punish nor reproach evildoers, we are not simply protecting their trivial old age, we are thereby ripping the foundations of justice from beneath new generations. (Solzhenitsyn 1978, Vol. 1, pp. 175–8) To ignore the criminal conduct of war is to undermine the moral culture of war, the preservation of which is one of the primary objectives of just war theory. Without some form of public accounting war crimes are likely to lose their criminal status. There is a very thin line to be drawn between the refusal to proceed against criminal activity and the condoning of that

in The ethics of war
Ben Cohen and Eve Garrard

. The question I want to address now is this. How far may we take the example of these rescuers as the image, or anticipation, of an alternative * possible ethical landscape? Can one envisage a moral culture so transformed as to give real practical force to the sense of responsibility for the safety of others that Levi and Jaspers discuss under the headings of shame and moral and metaphysical guilt, and that the rescuers articulate as having compelled them? Could one feasibly entertain the vision of a global human community in which an obligation to come to the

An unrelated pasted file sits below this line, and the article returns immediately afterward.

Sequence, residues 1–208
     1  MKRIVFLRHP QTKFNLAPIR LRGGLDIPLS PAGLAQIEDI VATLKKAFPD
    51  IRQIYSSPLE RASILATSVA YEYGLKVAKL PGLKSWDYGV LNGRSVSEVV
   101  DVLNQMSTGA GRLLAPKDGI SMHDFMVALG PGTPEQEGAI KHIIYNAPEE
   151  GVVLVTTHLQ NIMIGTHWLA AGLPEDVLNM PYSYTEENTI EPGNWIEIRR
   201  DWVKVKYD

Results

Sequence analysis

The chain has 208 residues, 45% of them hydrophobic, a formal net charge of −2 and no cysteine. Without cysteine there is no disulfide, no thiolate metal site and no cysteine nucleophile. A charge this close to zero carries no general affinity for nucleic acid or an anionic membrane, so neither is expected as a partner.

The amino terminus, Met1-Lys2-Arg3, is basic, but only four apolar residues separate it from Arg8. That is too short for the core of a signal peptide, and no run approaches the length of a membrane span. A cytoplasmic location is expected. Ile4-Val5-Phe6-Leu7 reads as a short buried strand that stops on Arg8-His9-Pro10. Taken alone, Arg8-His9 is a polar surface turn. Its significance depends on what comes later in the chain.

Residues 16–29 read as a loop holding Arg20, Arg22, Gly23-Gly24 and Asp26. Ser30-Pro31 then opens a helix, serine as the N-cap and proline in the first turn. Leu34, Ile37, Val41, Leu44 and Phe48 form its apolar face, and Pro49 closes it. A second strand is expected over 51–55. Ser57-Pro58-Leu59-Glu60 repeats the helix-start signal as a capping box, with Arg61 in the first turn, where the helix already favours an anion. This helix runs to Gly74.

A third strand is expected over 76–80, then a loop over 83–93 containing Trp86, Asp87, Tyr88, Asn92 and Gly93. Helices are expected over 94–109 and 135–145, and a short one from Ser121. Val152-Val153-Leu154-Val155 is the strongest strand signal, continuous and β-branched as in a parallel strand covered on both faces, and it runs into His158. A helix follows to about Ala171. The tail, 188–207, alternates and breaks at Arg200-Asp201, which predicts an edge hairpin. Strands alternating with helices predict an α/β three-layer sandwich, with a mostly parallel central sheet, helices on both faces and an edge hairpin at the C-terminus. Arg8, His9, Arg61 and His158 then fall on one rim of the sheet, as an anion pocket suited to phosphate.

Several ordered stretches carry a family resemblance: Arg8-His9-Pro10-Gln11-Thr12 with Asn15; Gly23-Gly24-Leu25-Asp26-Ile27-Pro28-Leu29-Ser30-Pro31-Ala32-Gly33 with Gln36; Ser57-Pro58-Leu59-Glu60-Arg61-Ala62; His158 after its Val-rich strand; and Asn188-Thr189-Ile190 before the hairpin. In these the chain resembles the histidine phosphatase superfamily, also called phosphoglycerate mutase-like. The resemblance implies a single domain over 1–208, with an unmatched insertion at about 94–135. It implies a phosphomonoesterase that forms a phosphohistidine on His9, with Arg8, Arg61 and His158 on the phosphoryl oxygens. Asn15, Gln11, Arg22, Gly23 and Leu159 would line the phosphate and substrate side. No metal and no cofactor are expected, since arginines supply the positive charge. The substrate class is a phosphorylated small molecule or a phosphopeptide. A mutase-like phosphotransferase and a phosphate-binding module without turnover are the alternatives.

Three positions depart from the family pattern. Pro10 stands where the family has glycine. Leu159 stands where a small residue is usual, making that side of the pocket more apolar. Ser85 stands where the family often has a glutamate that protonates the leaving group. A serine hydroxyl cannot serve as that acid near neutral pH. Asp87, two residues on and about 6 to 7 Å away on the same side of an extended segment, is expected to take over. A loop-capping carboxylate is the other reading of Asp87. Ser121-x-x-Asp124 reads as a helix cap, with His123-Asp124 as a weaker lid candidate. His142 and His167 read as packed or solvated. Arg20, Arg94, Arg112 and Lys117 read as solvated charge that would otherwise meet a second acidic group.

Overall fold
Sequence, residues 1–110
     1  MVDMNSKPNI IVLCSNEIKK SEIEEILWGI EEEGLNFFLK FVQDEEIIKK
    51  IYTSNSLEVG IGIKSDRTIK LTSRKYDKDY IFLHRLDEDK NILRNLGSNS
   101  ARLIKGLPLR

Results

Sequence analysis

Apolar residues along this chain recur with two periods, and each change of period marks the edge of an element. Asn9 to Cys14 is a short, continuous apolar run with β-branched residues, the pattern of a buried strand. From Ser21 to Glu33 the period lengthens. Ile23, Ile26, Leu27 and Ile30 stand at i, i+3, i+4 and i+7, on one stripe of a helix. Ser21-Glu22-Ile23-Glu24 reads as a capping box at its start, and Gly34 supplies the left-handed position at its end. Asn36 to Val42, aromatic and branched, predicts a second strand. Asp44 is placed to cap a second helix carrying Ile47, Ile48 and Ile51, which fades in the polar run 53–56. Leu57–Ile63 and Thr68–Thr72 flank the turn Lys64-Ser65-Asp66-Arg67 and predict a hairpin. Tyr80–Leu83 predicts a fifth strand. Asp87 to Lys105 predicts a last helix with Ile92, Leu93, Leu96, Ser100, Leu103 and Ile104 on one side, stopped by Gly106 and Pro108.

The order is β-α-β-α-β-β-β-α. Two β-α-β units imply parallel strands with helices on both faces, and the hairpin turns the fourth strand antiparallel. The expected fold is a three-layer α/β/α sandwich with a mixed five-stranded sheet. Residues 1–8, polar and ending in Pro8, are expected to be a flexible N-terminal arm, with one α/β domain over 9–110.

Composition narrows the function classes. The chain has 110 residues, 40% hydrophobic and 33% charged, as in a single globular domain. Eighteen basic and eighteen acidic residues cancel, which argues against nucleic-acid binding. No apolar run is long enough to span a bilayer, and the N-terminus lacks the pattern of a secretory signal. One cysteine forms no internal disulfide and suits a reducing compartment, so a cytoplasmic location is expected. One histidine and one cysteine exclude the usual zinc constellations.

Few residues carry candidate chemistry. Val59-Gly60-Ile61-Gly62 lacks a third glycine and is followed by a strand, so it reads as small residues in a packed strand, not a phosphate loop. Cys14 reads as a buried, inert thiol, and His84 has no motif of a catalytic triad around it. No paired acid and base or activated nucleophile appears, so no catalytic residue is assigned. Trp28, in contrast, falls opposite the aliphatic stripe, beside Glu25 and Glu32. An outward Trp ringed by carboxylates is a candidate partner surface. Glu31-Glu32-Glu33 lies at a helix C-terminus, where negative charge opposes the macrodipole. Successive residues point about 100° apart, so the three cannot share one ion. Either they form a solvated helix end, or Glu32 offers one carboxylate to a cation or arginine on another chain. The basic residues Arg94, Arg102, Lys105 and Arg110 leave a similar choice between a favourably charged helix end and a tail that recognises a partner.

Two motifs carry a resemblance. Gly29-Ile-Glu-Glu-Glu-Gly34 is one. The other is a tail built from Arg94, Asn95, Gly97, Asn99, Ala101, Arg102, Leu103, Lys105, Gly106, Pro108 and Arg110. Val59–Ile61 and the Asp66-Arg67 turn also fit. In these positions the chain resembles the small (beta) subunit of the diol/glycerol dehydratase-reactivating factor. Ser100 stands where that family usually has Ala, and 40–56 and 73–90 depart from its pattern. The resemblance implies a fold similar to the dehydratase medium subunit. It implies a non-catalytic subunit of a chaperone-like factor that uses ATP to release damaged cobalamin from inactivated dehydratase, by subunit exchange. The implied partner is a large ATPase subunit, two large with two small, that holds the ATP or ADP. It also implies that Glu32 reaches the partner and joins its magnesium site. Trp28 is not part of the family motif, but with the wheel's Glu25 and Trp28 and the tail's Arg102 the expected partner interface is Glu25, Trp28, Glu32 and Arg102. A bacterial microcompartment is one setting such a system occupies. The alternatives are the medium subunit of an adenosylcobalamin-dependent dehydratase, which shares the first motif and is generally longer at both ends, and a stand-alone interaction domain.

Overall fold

in The Norman Geras Reader
Abstract only
Ten theses
Ben Cohen and Eve Garrard

only of a present confidence in some future spontaneous harmony. The great evils we hope to be able to remedy include precisely evils against which liberal institutions have given some protection. 8. Embracing utopia means embracing an alternative ethics A different moral culture would be required to create and sustain a condition of minimum utopia. In some ways this point will seem so obvious as not to be worth stating. Inhabiting a world used by millennia of practice and acculturation to the ‘normality’ of some people being able to live by the efforts of others

in The Norman Geras Reader
Abstract only
Alison Hulme

independence and self-​rule, environmental conservation, racial hegemony, philanthropy, manhood 3 Introduction 3 and womanhood, collective security, and social protest’ (2011:10). Regardless, Calder’s contention remains true –​‘no concept has been more important than thrift for shaping the moral culture of economic life under capitalism’ (2013:363). It is also worth noting that this book is largely about Western thinkers on, and versions of, thrift. There is a tangible historical conversation between the Western and the non-​Western world, and Western and non